FishingFishing LineFishing LuresFishing ReelsFishing RodsFishing TackleFreshwater FishingHow to Fish

Cool down with Jerkbaits for Bass

With fall quickly approaching and cooler weather on the way, fishing suspending jerkbaits can be one of the best techniques you can utilize when water temperatures start to plummet. They are an excellent imitation of a dead or dying baitfish, and bass gravitate towards them during certain times of the year. In fact, I consistently hook my first fish of each year on a jerkbait. Even though cold-water temperatures might entice and tempt you to be more inclined to slow down with a drop shot or jig, the jerkbait can often outshine these slower techniques. Within this article, I will share some of my favorite tips and techniques to assist you in being a better jerkbait angler!

Suspended jerkbaits produce to some degree all year, but techniques and locations will change with the change of the seasons. Prime time for fishing the jerkbait is when the water temperature is less than 60 degrees, which for me, usually correlates to early spring, as well as from fall into winter. In early spring, I tend to focus on fishing around chunk rock banks and grass flats in 8 to15 feet of water. Bass are just moving up from their deep winter haunts, and with baitfish activity increasing the jerkbait action starts to get worthy.

A soft plastic jerkbait like the V&M Pork Shad can also work well in spring, especially later in the season including summer when bass push heavily into shallow weeds and other shoreline cover. When fall arrives and the fish are scattered before the cold weather takes hold, my primary focus is around chunk rock banks and weed flats. Believe it or not, I have caught largemouth and smallmouth bass in 39-degree water off of weed flats! This just goes to show you that bass don’t always “go by the book”, and sometimes you need to experiment to find success.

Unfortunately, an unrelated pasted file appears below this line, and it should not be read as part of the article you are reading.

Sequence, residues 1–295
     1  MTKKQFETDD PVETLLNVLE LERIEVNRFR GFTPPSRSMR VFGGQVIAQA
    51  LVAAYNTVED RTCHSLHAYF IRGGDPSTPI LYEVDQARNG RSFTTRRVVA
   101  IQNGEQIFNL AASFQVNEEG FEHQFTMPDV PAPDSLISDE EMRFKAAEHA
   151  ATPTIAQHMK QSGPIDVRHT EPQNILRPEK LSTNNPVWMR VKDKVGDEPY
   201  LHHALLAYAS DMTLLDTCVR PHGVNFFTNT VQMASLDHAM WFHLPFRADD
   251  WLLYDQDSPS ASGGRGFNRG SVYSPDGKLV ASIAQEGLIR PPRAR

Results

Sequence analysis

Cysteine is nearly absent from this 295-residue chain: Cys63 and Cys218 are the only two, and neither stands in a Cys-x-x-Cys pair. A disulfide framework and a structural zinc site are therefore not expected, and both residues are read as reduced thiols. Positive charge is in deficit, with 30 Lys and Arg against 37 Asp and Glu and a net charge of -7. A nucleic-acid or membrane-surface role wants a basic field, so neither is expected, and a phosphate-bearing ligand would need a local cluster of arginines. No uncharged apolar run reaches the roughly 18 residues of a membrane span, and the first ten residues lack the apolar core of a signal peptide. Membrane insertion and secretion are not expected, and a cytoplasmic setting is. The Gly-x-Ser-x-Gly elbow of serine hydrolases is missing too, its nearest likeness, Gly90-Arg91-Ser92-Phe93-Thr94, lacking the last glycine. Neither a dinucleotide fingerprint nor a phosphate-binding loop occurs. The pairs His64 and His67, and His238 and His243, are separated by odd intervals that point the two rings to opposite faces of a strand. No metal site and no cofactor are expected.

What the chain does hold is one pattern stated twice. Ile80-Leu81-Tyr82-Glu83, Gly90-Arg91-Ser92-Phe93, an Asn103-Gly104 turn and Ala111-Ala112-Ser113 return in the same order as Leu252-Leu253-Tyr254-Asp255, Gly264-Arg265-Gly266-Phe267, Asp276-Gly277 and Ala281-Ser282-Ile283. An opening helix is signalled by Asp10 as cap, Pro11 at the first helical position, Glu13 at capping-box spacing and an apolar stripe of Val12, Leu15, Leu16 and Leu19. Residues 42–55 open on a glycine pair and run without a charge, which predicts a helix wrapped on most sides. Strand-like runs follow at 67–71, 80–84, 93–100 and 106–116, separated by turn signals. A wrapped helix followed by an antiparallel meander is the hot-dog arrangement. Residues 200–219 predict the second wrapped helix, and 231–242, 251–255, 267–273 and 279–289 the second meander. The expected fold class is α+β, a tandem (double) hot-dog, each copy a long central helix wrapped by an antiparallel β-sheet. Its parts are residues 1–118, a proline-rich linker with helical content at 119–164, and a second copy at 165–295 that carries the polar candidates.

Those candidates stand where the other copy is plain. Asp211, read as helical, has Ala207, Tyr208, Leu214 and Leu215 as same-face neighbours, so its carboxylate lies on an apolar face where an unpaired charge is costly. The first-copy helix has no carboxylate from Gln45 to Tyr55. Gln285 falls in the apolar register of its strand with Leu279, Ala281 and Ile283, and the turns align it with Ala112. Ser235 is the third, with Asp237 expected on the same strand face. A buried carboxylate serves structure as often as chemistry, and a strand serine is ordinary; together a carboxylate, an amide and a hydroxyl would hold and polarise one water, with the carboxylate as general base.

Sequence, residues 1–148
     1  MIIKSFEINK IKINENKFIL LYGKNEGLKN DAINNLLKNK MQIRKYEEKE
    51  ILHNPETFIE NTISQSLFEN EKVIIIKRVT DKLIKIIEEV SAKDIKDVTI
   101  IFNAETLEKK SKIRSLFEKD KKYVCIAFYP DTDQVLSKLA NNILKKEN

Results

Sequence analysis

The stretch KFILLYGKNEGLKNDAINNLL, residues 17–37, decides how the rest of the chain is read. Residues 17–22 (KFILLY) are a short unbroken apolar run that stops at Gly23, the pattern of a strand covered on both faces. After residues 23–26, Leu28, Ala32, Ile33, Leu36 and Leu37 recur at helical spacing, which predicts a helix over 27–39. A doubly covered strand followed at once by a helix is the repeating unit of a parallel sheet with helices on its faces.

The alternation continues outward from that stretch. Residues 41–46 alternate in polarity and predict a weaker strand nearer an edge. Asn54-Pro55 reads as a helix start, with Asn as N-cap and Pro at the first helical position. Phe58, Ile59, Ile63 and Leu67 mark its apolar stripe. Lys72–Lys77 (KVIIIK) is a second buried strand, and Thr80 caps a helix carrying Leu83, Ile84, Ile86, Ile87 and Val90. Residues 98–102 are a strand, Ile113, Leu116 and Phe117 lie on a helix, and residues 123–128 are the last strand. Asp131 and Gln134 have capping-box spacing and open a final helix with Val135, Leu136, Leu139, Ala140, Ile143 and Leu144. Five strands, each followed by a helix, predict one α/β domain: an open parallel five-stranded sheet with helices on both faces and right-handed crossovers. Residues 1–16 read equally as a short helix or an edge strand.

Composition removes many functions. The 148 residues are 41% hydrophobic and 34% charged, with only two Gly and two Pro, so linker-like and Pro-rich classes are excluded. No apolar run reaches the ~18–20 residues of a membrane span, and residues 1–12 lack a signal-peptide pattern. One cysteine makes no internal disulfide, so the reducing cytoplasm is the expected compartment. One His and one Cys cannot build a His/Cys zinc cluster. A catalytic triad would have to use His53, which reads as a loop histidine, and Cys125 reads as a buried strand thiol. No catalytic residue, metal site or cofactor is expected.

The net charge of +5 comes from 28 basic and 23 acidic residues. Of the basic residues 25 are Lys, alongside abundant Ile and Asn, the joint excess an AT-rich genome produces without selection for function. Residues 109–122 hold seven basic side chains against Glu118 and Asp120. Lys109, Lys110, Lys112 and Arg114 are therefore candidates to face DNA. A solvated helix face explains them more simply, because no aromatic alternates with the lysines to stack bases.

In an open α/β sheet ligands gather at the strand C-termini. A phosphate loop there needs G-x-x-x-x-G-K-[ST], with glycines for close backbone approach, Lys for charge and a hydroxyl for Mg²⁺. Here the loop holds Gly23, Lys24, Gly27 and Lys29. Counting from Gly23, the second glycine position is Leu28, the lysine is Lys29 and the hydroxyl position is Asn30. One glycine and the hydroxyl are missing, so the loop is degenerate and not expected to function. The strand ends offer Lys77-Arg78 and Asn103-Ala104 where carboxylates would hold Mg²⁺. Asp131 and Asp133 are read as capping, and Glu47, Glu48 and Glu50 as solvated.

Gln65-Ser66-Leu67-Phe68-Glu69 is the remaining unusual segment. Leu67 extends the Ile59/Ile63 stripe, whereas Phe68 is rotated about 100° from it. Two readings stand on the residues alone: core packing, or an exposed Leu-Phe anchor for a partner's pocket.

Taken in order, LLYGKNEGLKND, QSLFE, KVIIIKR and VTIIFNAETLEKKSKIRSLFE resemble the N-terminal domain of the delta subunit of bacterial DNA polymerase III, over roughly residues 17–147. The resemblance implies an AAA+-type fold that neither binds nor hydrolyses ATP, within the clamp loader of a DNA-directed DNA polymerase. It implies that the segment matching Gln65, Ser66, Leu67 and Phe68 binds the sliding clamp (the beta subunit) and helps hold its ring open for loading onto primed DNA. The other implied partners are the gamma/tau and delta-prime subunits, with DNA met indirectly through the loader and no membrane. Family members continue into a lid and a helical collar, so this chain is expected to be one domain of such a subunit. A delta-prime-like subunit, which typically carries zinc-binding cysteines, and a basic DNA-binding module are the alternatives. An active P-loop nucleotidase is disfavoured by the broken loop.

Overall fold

The manner in which you twitch the jerkbait is also crucial. You do not want to twitch the rod sideways using your arm.

Try to always twitch the bait with downward motions using mainly your wrist. One note, I navigate the boat to be positioned correctly where I can twitch the bait with a downward motion before I ever make a cast. If your technique starts incorrectly, utilizing your arm to twitch the bait, you’ll wear out quickly and you won’t impart proper action on the jerkbait. Using your wrist gives the bait a considerably sharper, more erratic action, thus drawing more strikes.

I won an FLW tournament in Washington a few years back fishing a jerkbait. My jerkbait rod was the only one I had rigged on the boat at the time! It was early spring and I was targeting smallmouth on rocky stretches of bank. I finished the tournament with nearly 30 pounds for two days and won the tournament by 16 lbs. The key was fishing the bait all day long and never laying it down. There were a multitude of anglers fishing the tournament that would fish a jerkbait for 10 minutes without a bite! Then they would abandon the jerkbait for a less strenuous method. I fished the same jerkbait for two days straight using the downward motion with my wrist and blew the field away and won the tournament!